Ofcom: traditional UK broadcasting at risk without radical shakeup | Media Analysis | Business | News | Rapid TV News
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UK broadcast regulator Ofcom is warning that with funding under pressure and viewers turning away in favour of global streaming services, traditional public service broadcasting is unlikely to survive in the online world unless broadcasting laws and regulation are overhauled, and broadcasters accelerate their transformation for the digital age.
Ofcom PSB screens 8 Dec 2020 lands
As part of a consultation process that will close in March 2021, Ofcom has published a paper, Small Screen: Big Debate, to inform its recommendations to Government on how the existing public service broadcasting system can transition to a public service media system fit for the future. The paper examined how to strengthen and maintain public service broadcasting (PSB) for the next decade and beyond, in the face of unprecedented changes to technology, financing and viewer behaviour.

Fundamentally, Ofcom regards the current UK media sector is a success story, fuelled by public and private sector innovation and investment. It adds that the variety of content and services generated by this mixed system provide value to audiences across the UK and economic growth through the successful production sector. Ofcom noted that commercial investment from UK-based and international content providers has increased substantially and the UK’s production sector has grown to become a global success.

Yet even though it found that PSB content is still highly valued by audiences – with trusted, accurate news and programmes made about the UK holding particular importance – the report found that the rapidly changing media sector means the public service broadcasting system is at a critical juncture. Audiences were found to be increasingly turning away from broadcast TV and accessing content through a range of other services, making it harder for PSBs to reach and connect with them.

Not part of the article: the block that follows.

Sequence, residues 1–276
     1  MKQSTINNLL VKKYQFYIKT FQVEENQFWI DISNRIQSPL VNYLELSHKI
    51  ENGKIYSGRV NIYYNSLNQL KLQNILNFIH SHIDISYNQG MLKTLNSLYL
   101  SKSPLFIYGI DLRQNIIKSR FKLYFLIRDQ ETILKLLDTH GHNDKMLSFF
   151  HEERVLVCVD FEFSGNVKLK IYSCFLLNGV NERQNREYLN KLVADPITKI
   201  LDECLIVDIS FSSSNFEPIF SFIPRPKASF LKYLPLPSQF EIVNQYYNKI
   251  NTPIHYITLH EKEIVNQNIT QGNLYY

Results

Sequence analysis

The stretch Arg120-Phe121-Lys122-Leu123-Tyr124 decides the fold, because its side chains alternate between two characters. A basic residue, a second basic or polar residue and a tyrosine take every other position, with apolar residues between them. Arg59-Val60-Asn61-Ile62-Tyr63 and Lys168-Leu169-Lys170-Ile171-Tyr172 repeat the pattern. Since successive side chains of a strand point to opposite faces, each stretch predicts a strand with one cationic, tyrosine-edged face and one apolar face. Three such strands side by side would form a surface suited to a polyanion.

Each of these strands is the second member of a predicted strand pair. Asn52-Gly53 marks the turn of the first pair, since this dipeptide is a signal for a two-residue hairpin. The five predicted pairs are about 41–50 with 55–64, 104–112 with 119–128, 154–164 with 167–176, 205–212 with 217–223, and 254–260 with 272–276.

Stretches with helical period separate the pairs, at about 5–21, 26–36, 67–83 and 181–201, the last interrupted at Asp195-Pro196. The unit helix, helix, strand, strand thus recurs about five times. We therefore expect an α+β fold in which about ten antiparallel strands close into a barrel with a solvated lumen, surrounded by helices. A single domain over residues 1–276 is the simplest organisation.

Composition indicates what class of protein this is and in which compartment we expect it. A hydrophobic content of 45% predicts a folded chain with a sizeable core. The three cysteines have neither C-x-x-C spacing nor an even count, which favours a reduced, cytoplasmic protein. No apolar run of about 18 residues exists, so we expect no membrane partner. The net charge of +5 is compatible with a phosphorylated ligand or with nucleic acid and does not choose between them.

Indeed, Ofcom calculated that broadcast TV audiences are in decline, particularly among younger viewers. It said that during 2019, broadcast content represented only 38% of total viewing for people aged 16-34, and 67% for all audiences (including live TV, recorded playback and catch-up). The research showed that, while younger viewers do still watch and value public service programmes, they feel much less connection to the public service broadcasters. Moreover, some young people only discover content originally commissioned by PSBs, on streaming or online services.

Global platforms wield increasing power as the access point between audiences and content and also in their ability to strike worldwide deals. Ofcom warned that services such as Netflix were able to ensure they are front and centre across a wide range of TV platforms while the public service broadcasters found it increasingly difficult to secure similarly favourable terms for prominence. The review stated bluntly that no PSB, with the exception of the BBC, has the ‘must have’ characteristics, such as scale and brand engagement, needed to bargain with content aggregators.

Commercially, the paper also questioned the financial sustainability of the PSB system. It argued that traditional mass-market advertising revenues which have been the foundation of commercial PSB income are likely to be of less value as broadcast viewing declines. And that as over time, a shift to online viewing opens up new business models, including personalised, data-driven approaches to advertisers, PSBs are having to invest more to develop their online strategies, while at the same time maintaining their TV broadcasting services.

In its conclusions in the Small Screen: Big DebateSmall Screen: Big Debate, Ofcom said that a new framework was required to deliver the objectives of public service broadcasting in an increasingly online world. This it insisted must be based on a broader concept, which recognises, supports and encourages the delivery of Public Service Media (PSM), across a range of broadcast and online services.